Fat contents reduces in chocolates by 50%
Fatty content in chocolate can be reduced in half and fat bloom can be avoided using fruit juice without any effect on mouthfeel.
According to researchers, cocoa butter and milk fats that go into chocolate bars can be substituted with tiny droplets of juice thus reducing fat content by half (50%).
The research team, from the University of Warwick in the UK, claim that the method can avoid white specks from being discovered on the surface if chocolate known as sugar and fat bloom.
Conjured up the Warwick University scientists, the technique mixes orange and cranberry juice into milk, dark and white chocolate using Pickering emulsion.
The study said that fruit juice incorporation would have no impact on the mouthfeel of the chocolate as it preserves Polymorph V content, the substance in the crystal structure of the fat which gives chocolate its texture, glossy appearance and melt-in-the-mouth feel.
A wide variety of fruit juices can be used for all forms of chocolates: dark, milk and white, say the researchers.
As the scientists say, the final product will have a fruity taste but the chocolatey flavour can be maintained by using water and a small amount of ascorbic acid (vitamin C) instead of juice.
Stefan Bon, the lead author, said: “Fruit juice has a distinctive taste and is acidic. The acidity is key for the system to work. We can replace fruit juice with water. The water is acidified with ascorbic acid”.
The recent study follows a previous one from three years ago which discovered that small water droplets could be used to reduce fat by one fifth.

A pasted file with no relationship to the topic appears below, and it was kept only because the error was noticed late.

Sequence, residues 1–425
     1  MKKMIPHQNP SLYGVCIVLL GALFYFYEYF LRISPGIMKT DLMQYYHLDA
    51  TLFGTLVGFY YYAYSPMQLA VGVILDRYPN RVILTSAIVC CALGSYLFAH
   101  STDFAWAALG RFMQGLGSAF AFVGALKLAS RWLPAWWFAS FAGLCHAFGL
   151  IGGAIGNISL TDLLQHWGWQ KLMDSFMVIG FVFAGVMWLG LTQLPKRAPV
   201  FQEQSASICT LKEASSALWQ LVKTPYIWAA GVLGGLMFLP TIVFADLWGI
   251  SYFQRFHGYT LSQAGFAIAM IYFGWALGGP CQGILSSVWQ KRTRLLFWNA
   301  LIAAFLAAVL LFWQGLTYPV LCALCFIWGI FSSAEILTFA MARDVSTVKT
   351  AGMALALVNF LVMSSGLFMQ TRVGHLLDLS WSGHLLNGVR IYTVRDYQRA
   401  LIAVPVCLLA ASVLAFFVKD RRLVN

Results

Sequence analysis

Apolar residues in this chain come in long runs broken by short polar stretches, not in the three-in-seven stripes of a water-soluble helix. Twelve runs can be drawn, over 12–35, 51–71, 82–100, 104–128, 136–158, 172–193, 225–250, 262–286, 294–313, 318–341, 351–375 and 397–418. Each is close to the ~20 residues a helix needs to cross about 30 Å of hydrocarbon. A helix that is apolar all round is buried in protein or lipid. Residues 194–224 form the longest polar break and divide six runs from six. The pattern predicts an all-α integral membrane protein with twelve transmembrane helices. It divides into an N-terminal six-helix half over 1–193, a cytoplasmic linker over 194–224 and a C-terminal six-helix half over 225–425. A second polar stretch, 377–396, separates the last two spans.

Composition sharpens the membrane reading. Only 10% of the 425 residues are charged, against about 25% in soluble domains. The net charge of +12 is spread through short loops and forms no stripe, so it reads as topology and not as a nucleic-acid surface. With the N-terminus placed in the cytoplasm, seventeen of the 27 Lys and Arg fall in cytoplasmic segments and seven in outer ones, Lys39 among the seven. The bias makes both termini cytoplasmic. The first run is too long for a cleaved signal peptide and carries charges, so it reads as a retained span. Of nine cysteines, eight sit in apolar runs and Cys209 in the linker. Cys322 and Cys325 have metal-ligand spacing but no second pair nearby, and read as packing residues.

Bon said: “Everyone loves chocolate – but unfortunately we all know that many chocolate bars are high in fat. However it’s the far that gives chocolate all the indulgent sensations that people crave – the silky smooth texture and the way it melts in the mouth but still has a ‘snap’ to it when you break it with your hand.
“We’ve found a way to maintain all of those things that make chocolate ‘chocolatey’ but with fruit juice instead of fat.
“Our study is just the starting point to healthier chocolate – we’ve established the chemistry behind this new technique but now we’re hoping the food industry will take our method to make tasty, lower-fat chocolate bars”.
The study said that current methods used to reduce fat in chocolate, such as aeration, could negatively impact the structure of chocolate and may be poorly received by consumers.
Bon appealed to the industry to use the newly developed method to introduce new forms of reduced fat chocolate.
He said that the method will be available to the industry as a whole and no patents have been filed.
He also said that the method was easy and could be scaled up for industrial production.